**The following is the first of six installments on Shadow’s 2000 Harley-Davidson FXD engine rebuild project with S&S Cycle and Black Hills Custom Parts. Check back for a new installment each week.
Building my dream Dyna
Since I acquired my 2000 FXD in 2003, I’ve ridden to Sturgis, Daytona Beach, Laconia, eastern Canada and many points in between. The Super Glide has been my workhorse for all those years, and in 2010, with nearly 60,000 miles on the speedometer, she was due for a top-end rebuild. I took her to one of the best shops in the area, Black Hills Custom Parts in Rockaway, New Jersey, to freshen her up.
Ken Puzio, owner of Black Hills, installed a Harley-Davidson 1550 Conversion Kit, along with everything else needed to complement the upgrade—single-fire ignition, gear-drive cams, lifters, adjustable pushrods, stronger clutch spring and the like. The Super Glide ran like a top, but one day, about 12,000 miles after the upgrade, we noticed some metallic debris in the oil filter. Subsequent oil changes didn’t reveal any more filings, so I kept on riding and enjoying that 95″ of Harley-Davidson horsepower.
This past year, I rode the FXD to Sturgis and back—about 3,700 miles—and a few days after I got home, I took her to Black Hills to get a full service and another application of exhaust wrap which had deteriorated on the road. Later that day, I got a call from Ken who told me that they’d again found metallic debris in the oil filter—a lot of debris. I gave the go-ahead to tear her down to find out where the filings had come from.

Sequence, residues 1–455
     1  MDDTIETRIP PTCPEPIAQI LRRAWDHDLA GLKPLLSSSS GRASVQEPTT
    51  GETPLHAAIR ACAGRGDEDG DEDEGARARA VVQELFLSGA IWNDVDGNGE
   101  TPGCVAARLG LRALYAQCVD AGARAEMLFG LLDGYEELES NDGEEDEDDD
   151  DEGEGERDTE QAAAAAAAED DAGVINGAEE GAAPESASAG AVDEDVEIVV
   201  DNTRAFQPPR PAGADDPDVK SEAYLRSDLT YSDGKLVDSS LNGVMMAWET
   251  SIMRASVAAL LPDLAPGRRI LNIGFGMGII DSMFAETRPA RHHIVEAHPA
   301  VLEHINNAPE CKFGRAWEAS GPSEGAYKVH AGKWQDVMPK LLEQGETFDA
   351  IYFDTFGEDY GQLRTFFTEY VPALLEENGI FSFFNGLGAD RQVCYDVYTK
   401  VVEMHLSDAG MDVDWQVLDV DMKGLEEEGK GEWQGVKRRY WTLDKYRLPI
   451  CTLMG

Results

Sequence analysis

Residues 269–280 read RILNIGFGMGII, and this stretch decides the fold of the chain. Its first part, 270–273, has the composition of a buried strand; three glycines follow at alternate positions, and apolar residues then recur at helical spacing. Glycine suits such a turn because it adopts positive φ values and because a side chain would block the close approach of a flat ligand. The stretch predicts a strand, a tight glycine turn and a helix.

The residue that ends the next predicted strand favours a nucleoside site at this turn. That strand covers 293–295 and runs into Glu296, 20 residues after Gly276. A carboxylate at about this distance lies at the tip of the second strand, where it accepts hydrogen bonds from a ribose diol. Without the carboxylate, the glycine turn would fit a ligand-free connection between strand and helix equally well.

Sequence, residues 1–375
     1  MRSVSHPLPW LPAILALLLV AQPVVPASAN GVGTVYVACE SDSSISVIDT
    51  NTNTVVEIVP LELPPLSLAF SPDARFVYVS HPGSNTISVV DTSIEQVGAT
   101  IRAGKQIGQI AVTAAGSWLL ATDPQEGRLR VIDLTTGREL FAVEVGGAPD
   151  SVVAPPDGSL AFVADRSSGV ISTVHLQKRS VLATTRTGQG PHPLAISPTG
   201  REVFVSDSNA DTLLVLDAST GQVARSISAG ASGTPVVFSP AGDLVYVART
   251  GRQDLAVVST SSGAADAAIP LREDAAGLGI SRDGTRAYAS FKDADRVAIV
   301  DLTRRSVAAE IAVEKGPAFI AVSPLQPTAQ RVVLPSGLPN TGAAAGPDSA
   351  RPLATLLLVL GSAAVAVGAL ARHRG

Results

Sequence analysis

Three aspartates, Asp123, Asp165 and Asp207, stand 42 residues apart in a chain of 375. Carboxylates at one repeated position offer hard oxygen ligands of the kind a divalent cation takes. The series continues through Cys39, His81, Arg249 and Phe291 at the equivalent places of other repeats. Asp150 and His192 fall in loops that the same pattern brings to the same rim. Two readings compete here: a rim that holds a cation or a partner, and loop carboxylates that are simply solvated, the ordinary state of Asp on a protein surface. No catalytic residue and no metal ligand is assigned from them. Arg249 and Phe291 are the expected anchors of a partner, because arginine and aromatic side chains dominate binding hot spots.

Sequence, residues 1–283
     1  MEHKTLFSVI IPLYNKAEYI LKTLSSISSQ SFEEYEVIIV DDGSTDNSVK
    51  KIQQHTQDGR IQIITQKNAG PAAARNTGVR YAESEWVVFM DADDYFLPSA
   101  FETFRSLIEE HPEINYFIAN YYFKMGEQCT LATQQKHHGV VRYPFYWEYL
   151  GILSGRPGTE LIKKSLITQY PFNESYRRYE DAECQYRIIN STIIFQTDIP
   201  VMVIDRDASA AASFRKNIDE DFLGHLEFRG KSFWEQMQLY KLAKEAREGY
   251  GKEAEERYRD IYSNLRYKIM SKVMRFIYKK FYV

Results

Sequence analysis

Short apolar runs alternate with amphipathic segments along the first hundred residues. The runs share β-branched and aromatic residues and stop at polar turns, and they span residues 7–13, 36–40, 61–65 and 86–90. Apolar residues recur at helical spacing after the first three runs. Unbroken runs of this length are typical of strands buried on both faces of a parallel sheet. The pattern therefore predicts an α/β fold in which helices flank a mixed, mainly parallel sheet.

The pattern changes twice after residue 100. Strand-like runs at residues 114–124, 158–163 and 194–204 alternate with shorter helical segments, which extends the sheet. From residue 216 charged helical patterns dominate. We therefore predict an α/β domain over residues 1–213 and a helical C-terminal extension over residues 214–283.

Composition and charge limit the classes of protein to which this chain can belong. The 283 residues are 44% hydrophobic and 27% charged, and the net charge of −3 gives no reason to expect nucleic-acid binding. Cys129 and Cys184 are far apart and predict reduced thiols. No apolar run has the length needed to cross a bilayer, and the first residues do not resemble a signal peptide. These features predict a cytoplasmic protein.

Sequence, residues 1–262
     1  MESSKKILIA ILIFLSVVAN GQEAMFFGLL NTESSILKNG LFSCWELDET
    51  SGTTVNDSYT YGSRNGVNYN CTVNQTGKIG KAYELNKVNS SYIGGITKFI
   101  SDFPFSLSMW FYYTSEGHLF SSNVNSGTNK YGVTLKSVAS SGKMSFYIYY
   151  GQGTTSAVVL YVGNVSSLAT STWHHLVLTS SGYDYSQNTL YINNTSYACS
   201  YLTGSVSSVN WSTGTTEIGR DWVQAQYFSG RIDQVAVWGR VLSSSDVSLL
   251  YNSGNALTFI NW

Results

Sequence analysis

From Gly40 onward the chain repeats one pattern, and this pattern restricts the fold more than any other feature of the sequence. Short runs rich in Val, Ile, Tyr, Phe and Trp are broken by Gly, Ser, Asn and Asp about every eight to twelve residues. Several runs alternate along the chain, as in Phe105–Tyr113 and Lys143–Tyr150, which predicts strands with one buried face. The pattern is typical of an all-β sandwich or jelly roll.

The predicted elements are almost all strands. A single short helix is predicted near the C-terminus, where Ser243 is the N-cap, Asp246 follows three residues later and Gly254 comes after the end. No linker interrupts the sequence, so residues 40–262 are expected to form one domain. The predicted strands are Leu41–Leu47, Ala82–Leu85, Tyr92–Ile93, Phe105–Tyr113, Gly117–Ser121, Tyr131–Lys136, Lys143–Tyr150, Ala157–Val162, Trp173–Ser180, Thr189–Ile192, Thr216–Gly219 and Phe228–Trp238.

Turns out that the problem was with the OEM flywheel assembly. Before the 95″ upgrade had been done, the connecting rods and crankshaft runout had been checked. The rods were tight as a drum with play well within Harley’s tolerances in all directions, and the crankshaft was close to true. This time, the teardown revealed that the connecting rods had a lot of side play, and metal was most likely being sheared from the thrust side of the rods. And who knows what bearings and other bits got chewed up? As a result, metallic debris flowed through the oil circulation system causing scoring inside the oil pump walls—and gerotor—as well as the cam support plate.
We believe the only thing that prevented one or both rods from breaking, i.e., “throwing a rod,” and grenading the engine cases was the Speed’s Performance Plus reusable two-piece oil filter installed on the bike. The oil filter’s three high-power rare-earth magnets snagged enough of the debris to save my bacon—or rather my bike’s bacon—and went a long ways toward preventing catastrophic engine failure. Amazingly, my bike still performed wonderfully the entire way to Sturgis and back—no hesitation, no noises; no problems at all. What a trooper! But I probably didn’t help matters when I redlined it trying to outrun a tractor trailer as I was barreling up an I-90 on-ramp.
There’s a saying that goes, “From adversity comes opportunity,” and this certainly was a golden opportunity to build exactly what I wanted for the FXD. My goals were, at a minimum, to keep the same, or greater, power output as the 95″ without sacrificing dependability or durability—and without increasing vibration. And I wanted a bolt-in install, if possible. So we turned to high-performance industry leader S&S Cycle for the solution.